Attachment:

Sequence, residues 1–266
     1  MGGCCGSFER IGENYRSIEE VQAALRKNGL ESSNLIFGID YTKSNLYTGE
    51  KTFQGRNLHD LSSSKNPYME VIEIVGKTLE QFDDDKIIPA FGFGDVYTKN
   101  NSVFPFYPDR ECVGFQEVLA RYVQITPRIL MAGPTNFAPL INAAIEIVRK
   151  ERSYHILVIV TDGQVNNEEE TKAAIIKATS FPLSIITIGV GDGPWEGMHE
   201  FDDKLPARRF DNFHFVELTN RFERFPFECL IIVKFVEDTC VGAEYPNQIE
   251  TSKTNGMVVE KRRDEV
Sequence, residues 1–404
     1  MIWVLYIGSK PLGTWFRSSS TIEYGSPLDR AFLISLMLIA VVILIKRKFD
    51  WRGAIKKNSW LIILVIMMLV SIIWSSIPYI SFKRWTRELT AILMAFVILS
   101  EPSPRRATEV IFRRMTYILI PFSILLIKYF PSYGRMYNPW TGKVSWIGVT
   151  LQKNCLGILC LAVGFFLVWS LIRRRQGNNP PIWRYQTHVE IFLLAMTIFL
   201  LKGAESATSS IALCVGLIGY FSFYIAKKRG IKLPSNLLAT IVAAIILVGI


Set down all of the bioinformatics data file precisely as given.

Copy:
Sequence, residues 1–266
     1  MGGCCGSFER IGENYRSIEE VQAALRKNGL ESSNLIFGID YTKSNLYTGE
    51  KTFQGRNLHD LSSSKNPYME VIEIVGKTLE QFDDDKIIPA FGFGDVYTKN
   101  NSVFPFYPDR ECVGFQEVLA RYVQITPRIL MAGPTNFAPL INAAIEIVRK
   151  ERSYHILVIV TDGQVNNEEE TKAAIIKATS FPLSIITIGV GDGPWEGMHE
   201  FDDKLPARRF DNFHFVELTN RFERFPFECL IIVKFVEDTC VGAEYPNQIE
   251  TSKTNGMVVE KRRDEV
Sequence, residues 1–404
     1  MIWVLYIGSK PLGTWFRSSS TIEYGSPLDR AFLISLMLIA VVILIKRKFD
    51  WRGAIKKNSW LIILVIMMLV SIIWSSIPYI SFKRWTRELT AILMAFVILS
   101  EPSPRRATEV IFRRMTYILI PFSILLIKYF PSYGRMYNPW TGKVSWIGVT
   151  LQKNCLGILC LAVGFFLVWS LIRRRQGNNP PIWRYQTHVE IFLLAMTIFL
   201  LKGAESATSS IALCVGLIGY FSFYIAKKRG IKLPSNLLAT IVAAIILVGI